By solicitor Nicola Hawkins (pictured), and associate Nicola Turner at Irwin Mitchell
Today is Carers Rights Day and this year’s theme is “Know your Rights”. As a carer, it is important that you know what you can and equally importantly, what you can’t do, especially if caring for someone who has fluctuating capacity.
Under the Mental Capacity Act 2005, everyone over the age of 16 is presumed to have capacity unless it is proven otherwise. Capacity is time and decision specific. For example, you cannot assume that the person you are caring for lacks capacity to manage a current account simply because they could not make a decision about a larger financial transaction, for example selling a property. You also cannot assume that they lack capacity this week because they didn’t have capacity last week. Loss of capacity can be temporary and can be caused by illnesses such as infections or short term trauma so can be quickly recovered.
You must ensure you support the person you are caring for to make their own decisions where they are able to do so. This could be altering the way the decision is communicated to them, for example using picture symbols instead of words or breaking the decision down into a series of questions. You must always act in the person’s best interests. You cannot put your own needs and wishes above those of the person you care for and this is so important.
If the person you are caring for has lost capacity and there is no legal documentation in place then you will not have the authority to manage any of their affairs on their behalf. There is a common misconception that a spouse has authority to deal with the other’s affairs but this is not the case. There is also a common misconception that a parent can continue to manage a child’s affairs once the child is 18. Without an appropriate legal authority you will not be able to make any financial decisions for them, including paying bills, managing bank accounts, selling property and managing investments. You will also not be able to make medical decisions on their behalf.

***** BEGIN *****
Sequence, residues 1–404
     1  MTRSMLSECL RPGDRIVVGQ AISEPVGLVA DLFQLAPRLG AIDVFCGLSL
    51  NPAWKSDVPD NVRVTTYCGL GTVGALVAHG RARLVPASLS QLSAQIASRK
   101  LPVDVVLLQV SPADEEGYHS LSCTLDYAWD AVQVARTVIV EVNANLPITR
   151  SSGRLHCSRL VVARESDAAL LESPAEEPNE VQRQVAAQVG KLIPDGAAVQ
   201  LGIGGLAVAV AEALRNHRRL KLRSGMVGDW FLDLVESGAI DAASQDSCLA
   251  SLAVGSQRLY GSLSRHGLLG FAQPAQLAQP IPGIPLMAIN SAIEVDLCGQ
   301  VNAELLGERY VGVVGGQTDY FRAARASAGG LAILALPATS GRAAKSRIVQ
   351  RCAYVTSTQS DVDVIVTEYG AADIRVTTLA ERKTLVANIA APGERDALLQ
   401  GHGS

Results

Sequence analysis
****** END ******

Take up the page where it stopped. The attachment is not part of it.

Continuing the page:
It is therefore vital that the correct legal documentation is put in place. If the person you are caring for is able to do so, they should execute both types of Lasting Power of Attorney (LPA), one for property and financial affairs and the other for health and welfare. By signing both types, it ensure the chosen attorneys can assist in all aspects of their life. To make an LPA, the person making the LPA must be able to show they understand what an LPA is, who they are appointing and why, the types of activities the attorneys can undertake for them, the consequences of not having an LPA and how this can be revoked. A diagnosis of a mental health illness or memory loss does not automatically mean an LPA cannot be made. We have seen many clients who have been diagnosed with dementia but have still been able to make an LPA.
It is recommended that you take legal advice on the LPAs. The LPAs must be registered with the Office of the Public Guardian (OPG) before they can be used. The OPG will reject the registration if there are any errors, resulting in the LPAs needing to be prepared and signed again. If there is one ”i” not dotted, too many restrictions placed on the attorneys’ authority or if the signatories have not signed the LPAs in the correct order, this can result in rejection and consequently, delay. We have also seen cases where lay people make the LPA and only one attorney is appointed, which causes difficulties with joint assets or if the attorney is unable to act. Therefore, taking advice on the role of attorney, how many should be appointed and when they can act is extremely important.
If the person you are caring for does not have an LPA in place and does not have capacity to make an LPA then you should apply to the Court of Protection for a deputyship order.
Once appointed as an attorney or a deputy, it is vital that you keep full records of all decisions made on their behalf and evidence where you have involved the person themselves in making that decision. You must keep full accounting records of all financial transactions undertaken.
It is important to note that as an attorney or a deputy, you do not have automatic authority to access details of the person’s will. This authority must be granted by the LPA itself or by the Court of Protection. You are also unable to make a will on their behalf. If changes are needed to the distribution of their estate either under the intestacy rules or under an existing will you will need to make an application to the Court of Protection for a statutory will.
It is important to remember that as an attorney or a deputy you can, and probably should, take advice from legal and financial professionals when managing another’s affairs.